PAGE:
A GLASS BLOOPER - Kirsty Devaney, President of the Educational Institute for Scotland

I had just moved from a school in Forfar - a fairly rural area where pupils were biddable and so on - to a primary in Dundee that was quite a culture shock. It was 1979 and I was working at Greenfield Primary in Whitfield. The school was bursting at the seams and I had a Primary 7 class. Every year at Christmas I used to take a pantomime and tailor it to my class, mentioning their names and the local area - I even did them for my mother when she was a teacher. I was determined that, just because I had a difficult class, I would not abandon the tradition, and determined too not to say: "If you don't behave, we're not going to do it" (which was just as well because rehearsals were a nightmare - they had never done anything like it).

The pantomime was Cinderella, but there was one boy - the worst lad in class - for whom I could not think of a part. Eventually, his role became to hold the cushion with the glass slipper on it. During rehearsals he would never do it properly. We had a sandshoe as opposed to the real thing and he would say: "What a smell! I can't do it." But it all came good on the night - it was superb.


Ann Kay - Headteacher, Whitelees Primary, Cumbernauld

The nativity and Christmas show are important in every school and well-attended - there are usually more parents than seats. Every year you strive for perfection. Stress levels among staff are high and sleepless nights the norm. But on the night, it is the imperfections that make it a success. For instance, angels pushing and shoving each other to get the best spot on the stage; the shepherd that tries to trip Mary up with his crook; Joseph striding across the stage with his hands in his pockets; the inn-keeper who proudly announces that there is room at the inn, when the nativity hinges on the fact that there is not.

One year, we had a child dressed as a bear who put on his costume back-to-front - the head was on fine, but the tail was at the front and his feet were pointing in the wrong direction.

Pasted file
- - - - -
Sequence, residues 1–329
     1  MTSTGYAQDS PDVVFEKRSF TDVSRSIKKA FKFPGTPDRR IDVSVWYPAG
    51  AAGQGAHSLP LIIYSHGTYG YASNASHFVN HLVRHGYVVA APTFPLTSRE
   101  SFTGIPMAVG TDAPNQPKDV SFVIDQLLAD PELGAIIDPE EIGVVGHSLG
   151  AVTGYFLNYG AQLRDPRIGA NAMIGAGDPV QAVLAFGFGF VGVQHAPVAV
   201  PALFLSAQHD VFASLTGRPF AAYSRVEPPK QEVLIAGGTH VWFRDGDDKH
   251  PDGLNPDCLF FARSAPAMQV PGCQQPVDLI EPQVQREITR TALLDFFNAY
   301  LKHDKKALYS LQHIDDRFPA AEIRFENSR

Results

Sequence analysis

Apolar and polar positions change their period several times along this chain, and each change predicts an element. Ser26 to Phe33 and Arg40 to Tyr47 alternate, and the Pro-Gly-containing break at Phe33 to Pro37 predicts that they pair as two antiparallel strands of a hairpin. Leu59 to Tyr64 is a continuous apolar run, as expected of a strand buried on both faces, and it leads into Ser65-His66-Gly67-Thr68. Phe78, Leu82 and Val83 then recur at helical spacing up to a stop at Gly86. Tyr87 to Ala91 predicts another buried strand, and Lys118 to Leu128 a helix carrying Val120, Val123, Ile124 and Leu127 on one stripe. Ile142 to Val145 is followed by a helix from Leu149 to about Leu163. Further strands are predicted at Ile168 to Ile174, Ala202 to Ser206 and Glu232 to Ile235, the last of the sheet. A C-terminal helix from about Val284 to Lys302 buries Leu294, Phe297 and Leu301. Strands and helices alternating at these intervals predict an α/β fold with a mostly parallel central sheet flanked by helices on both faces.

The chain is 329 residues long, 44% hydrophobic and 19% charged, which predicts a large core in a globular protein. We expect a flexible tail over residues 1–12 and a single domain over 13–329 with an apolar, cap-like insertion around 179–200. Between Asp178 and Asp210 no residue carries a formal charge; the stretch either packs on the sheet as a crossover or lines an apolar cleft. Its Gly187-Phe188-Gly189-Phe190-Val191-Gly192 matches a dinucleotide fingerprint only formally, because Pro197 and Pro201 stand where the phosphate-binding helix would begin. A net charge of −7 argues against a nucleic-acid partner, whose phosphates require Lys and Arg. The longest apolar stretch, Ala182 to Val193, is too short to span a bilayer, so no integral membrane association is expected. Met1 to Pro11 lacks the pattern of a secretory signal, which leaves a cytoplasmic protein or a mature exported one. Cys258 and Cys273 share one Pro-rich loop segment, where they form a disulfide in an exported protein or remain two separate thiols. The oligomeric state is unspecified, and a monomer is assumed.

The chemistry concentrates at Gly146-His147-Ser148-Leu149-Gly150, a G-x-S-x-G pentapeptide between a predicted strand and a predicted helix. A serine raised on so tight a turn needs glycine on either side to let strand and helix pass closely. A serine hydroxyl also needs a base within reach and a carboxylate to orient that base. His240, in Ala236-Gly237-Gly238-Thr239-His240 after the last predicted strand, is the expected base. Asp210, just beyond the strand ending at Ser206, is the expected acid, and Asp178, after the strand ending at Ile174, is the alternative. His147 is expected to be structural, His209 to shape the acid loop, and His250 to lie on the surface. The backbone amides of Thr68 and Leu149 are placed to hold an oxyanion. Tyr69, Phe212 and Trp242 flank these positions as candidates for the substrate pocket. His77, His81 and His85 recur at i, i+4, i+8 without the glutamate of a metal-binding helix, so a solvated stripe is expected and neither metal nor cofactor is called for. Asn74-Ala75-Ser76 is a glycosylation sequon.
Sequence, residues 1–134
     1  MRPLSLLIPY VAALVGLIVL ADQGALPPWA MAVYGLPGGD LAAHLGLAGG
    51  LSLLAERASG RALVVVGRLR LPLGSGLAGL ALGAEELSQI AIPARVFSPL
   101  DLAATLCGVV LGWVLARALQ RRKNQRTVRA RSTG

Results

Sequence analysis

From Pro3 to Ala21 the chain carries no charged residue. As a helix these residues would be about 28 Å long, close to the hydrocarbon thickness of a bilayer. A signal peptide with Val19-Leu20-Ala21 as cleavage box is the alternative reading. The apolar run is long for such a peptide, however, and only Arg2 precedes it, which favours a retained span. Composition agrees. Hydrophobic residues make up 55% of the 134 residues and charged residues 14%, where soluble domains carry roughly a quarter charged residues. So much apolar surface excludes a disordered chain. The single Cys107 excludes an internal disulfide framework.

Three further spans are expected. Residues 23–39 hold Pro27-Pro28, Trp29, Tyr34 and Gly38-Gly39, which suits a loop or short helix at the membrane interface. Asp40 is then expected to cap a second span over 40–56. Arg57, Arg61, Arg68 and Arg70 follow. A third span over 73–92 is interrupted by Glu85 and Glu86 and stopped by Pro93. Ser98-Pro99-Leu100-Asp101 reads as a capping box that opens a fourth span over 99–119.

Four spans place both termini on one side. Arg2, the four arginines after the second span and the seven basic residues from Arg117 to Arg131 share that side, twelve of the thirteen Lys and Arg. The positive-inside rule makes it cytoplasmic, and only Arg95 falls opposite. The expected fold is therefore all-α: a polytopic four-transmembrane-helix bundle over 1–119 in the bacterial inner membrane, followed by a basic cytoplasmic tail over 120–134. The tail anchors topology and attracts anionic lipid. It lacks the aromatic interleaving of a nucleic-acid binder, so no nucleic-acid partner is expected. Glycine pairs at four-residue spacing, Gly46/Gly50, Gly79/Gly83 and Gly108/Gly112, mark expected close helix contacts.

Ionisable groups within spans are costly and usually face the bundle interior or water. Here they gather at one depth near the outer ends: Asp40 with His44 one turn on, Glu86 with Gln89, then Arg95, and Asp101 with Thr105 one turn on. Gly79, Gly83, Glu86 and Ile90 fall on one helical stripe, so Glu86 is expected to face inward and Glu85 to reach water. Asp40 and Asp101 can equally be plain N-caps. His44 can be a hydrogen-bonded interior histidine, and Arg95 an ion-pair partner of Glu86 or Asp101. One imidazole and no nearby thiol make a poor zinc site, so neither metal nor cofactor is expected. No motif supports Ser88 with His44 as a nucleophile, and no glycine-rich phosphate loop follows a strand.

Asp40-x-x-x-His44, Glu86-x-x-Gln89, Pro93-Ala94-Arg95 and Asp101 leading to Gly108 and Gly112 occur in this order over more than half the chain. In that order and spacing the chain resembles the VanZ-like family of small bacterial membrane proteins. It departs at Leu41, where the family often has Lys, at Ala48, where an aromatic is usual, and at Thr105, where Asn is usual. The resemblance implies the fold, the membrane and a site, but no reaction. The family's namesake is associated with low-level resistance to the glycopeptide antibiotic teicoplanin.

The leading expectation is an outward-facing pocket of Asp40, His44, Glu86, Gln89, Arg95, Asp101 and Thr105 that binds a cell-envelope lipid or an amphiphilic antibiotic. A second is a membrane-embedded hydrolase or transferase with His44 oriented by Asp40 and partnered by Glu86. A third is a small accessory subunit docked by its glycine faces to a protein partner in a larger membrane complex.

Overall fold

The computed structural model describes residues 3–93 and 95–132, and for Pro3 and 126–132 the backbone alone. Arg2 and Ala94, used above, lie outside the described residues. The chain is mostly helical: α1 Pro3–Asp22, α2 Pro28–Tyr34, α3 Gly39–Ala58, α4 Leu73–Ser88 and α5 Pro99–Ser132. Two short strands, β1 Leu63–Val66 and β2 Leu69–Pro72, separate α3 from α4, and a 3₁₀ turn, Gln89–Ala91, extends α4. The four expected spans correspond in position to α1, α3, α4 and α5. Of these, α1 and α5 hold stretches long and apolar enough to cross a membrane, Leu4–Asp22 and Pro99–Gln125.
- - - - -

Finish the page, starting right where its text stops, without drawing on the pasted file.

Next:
Parents love to see their weans on the stage and they don't mind the imperfections. The mistakes cause the laughter and that's what school shows are all about. We will have to remember that next year.


Mag Stewart - Headteacher, Muiredge Primary, Uddingston

Just this year, the nursery kids were being asked how people knew that Jesus was in the stable. Instantly, they all replied "Mrs Fuller", the music teacher who is well-known to the children from her work on the nativity. We knew she was held in high esteem, but hadn't anticipated she would rise to such a lofty level.

I suppose that at that stage in their lives, it makes as much sense that it would be Mrs Fuller as the Angel Gabriel who led the way to the baby Jesus. It's things like this that make Christmas so much fun - the funny tales you remember long afterwards.


Gordon Smith - Headteacher, Jordanhill Primary, Glasgow

I had just been appointed headteacher of a primary school in Easterhouse and I was invited to the local community centre in Balornock, where the schools put on a joint nativity production. What I didn't realise was that at the end of it a bonny baby competition was to be held. Myself, the local policeman, minister and priest were put up as the Aunt Sallies. It was the most frightening experience I've ever had: the mothers sitting in the front two rows staring at you, waiting for the judgment. Imagine having to tell a mother her baby is less attractive than the lady next door's. We were being put up to judge something that never should be judged. It was a community function, so I had to take part - but never again.

At my present school, the Primary 1s put on a nativity, which is always a wonderful experience. The church is quite large, but as soon as it is anything to do with nativity, you have parents standing in the aisles. It can be hard for the kids to remember their lines and the words to the songs when there are more cameras in the place than you would have on a major Hollywood production.